VOL. 126 | NO. 2 | Tuesday, January 4, 2011
Pickler Warns of ‘Consequences’ With MCS Charter Surrender
By Bill Dries
Shelby County school board chairman David Pickler says the school system will live up to its responsibilities to run what is now the Memphis City Schools system if voters approve an MCS charter surrender.
But Pickler said it will be difficult coming up with a transition plan in such a short time period. And Pickler said he and the other elected board members will be in charge at least through 2012.
“We will take on the responsibility,” Pickler said. “But it will come with a cost.”
That cost could include no union representation for teachers of a combined school system since the county school system currently has no union representation for teachers. And school system contracts could go to the county standard of lowest and best bids with no goals for percentages of contracts to go to minority-owned businesses.
Two days before the Shelby County Election Commission meets to consider putting the MCS charter surrender on a February election ballot, Pickler made a last appeal for the MCS board to reconsider or rescind its approval of the charter surrender resolution, calling it “irresponsible” and “mind-boggling.”
Monday’s press conference by Pickler and county school system leaders seemed, however, a tacit acknowledgement that a February referendum is likely and any move by the MCS board to reconsider or rescind its action is unlikely.
A consolidation of the two school systems would be the effect of voter approval of the MCS charter surrender and Pickler called such a merger a “shotgun wedding.”
He also emphasized that the county school board is leaving all of its “legal and legislative” options on the table to contest or undo such a result.
Pickler wouldn’t be more specific about what those options are. But he said he believes Shelby County residents outside Memphis should have a chance to vote in the referendum.
That is one of numerous legal questions theorized by different sides in the controversy since before the MCS board’s Dec. 20 vote to approve the charter surrender.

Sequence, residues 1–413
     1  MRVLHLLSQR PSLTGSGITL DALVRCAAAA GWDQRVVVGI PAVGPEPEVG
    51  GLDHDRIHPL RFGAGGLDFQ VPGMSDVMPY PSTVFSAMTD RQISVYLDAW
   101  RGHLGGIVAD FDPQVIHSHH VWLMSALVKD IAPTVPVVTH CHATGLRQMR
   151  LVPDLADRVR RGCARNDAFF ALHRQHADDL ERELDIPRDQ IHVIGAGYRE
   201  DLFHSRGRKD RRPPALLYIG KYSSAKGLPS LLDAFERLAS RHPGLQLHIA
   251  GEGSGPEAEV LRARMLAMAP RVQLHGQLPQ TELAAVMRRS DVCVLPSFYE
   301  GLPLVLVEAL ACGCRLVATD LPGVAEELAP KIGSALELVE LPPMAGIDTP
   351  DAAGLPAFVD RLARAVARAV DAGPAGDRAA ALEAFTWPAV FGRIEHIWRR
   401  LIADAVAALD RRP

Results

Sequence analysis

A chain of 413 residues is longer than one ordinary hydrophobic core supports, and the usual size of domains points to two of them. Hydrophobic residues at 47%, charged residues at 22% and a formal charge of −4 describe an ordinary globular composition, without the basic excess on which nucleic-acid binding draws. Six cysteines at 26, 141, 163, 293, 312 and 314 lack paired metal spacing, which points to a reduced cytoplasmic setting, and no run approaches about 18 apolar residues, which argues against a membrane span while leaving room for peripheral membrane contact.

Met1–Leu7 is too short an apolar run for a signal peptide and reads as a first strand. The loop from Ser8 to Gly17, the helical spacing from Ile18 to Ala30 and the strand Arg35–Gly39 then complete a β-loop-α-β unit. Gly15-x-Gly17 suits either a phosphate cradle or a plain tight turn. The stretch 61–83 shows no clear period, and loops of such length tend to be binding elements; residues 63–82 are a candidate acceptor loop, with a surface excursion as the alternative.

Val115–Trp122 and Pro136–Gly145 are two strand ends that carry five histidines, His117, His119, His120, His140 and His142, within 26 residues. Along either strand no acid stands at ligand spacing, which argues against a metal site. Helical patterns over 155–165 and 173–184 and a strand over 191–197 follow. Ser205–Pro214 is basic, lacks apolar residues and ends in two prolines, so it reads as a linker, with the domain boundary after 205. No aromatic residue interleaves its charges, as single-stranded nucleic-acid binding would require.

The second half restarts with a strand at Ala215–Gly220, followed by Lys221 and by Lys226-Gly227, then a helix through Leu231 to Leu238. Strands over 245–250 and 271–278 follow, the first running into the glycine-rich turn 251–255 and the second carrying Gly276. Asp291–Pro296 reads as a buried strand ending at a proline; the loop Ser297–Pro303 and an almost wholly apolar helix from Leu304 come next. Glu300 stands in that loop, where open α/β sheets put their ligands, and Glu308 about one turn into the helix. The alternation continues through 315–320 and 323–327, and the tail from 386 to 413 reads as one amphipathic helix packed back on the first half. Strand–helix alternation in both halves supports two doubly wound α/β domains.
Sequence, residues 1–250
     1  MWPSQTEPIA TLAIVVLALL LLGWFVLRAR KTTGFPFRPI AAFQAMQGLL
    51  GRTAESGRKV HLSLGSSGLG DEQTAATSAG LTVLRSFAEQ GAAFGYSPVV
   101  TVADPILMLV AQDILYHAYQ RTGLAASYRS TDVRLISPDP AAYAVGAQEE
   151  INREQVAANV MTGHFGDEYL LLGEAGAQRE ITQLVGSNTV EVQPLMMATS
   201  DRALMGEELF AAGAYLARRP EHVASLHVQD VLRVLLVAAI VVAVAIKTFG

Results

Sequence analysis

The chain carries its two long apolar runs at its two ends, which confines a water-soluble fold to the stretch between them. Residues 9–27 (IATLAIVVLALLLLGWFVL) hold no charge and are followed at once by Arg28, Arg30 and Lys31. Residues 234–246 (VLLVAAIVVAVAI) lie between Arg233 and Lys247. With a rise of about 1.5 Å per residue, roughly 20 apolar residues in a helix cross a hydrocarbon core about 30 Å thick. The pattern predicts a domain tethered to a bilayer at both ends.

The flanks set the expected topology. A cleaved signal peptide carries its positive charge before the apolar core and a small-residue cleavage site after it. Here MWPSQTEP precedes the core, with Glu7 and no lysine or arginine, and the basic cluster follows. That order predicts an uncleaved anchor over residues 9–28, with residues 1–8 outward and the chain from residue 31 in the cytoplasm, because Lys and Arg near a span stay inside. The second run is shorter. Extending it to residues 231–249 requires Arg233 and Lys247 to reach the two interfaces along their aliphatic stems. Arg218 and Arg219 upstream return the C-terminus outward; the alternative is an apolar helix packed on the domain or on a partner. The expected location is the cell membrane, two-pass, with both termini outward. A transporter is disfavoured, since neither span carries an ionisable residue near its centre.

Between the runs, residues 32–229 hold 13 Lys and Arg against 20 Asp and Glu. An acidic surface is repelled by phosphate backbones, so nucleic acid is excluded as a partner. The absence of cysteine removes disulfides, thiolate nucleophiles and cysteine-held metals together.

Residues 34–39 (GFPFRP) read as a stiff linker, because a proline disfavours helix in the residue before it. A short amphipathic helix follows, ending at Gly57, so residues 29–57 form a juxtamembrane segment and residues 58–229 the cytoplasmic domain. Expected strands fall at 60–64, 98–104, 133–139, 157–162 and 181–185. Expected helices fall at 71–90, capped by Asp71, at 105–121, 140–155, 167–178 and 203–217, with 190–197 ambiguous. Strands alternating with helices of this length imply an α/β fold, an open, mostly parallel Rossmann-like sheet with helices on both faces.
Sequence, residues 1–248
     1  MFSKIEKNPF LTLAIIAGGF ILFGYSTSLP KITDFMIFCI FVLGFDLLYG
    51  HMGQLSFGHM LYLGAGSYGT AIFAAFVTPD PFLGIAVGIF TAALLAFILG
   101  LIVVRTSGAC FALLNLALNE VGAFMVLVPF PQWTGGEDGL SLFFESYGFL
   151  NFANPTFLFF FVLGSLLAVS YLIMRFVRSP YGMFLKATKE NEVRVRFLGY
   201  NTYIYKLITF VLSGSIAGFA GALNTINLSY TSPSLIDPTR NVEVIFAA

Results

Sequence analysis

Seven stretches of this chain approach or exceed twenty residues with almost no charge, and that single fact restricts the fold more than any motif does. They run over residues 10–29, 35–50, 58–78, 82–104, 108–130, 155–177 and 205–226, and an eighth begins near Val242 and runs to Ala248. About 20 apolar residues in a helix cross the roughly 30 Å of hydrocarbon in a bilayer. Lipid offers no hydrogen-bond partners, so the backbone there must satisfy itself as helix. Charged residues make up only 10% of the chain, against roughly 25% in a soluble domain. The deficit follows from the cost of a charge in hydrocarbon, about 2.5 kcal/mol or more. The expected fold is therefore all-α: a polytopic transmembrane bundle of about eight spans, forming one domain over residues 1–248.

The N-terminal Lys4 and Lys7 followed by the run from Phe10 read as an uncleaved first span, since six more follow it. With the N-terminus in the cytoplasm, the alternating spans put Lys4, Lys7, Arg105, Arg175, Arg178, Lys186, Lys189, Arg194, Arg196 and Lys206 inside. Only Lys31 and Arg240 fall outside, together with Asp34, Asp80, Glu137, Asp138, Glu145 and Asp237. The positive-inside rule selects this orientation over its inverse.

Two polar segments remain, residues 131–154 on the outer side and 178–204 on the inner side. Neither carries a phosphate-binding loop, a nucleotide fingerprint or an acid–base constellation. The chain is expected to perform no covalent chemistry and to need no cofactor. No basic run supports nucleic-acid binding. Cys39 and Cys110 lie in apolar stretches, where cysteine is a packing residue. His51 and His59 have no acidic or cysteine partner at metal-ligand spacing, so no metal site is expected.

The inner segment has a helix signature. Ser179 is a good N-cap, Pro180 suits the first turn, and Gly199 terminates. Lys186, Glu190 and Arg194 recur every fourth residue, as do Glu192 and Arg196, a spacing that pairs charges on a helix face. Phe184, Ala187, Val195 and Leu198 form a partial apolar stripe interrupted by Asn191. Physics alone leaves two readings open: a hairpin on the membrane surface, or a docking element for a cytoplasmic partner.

MCS board members favoring the charter surrender have said they are certain state law requires a vote by Memphians and only Memphians.
Pickler also warned that a countywide school system would lose the $78 million in annual funding from the city of Memphis that now comes to MCS. It’s another point in dispute.
Pickler also said a consolidated countywide school system would be run by the existing philosophy of the county school system and acknowledged there are different outlooks on operations between Shelby County’s two public school systems.
Pickler left no doubt that the county school system’s administration would change by the very nature of becoming a system of approximately 150,000 students. But he also said he saw no reason to stray from the philosophy used by the county school system currently in running a smaller school system.
With five of the other six board members standing behind him, Pickler ticked off a list of “consequences” and unanswered questions about what happens with an MCS charter surrender. He denied the list amounted to “scare tactics.”
“We don’t need rhetoric,” he said. “These are the facts.”
County schools superintendent John Aitken said he and MCS officials are beginning talks on a transition scenario
“We are now requesting information,” he said of talks between the two school systems who occupy the same building near The Fairgrounds. “We are setting up teams. Those are starting.”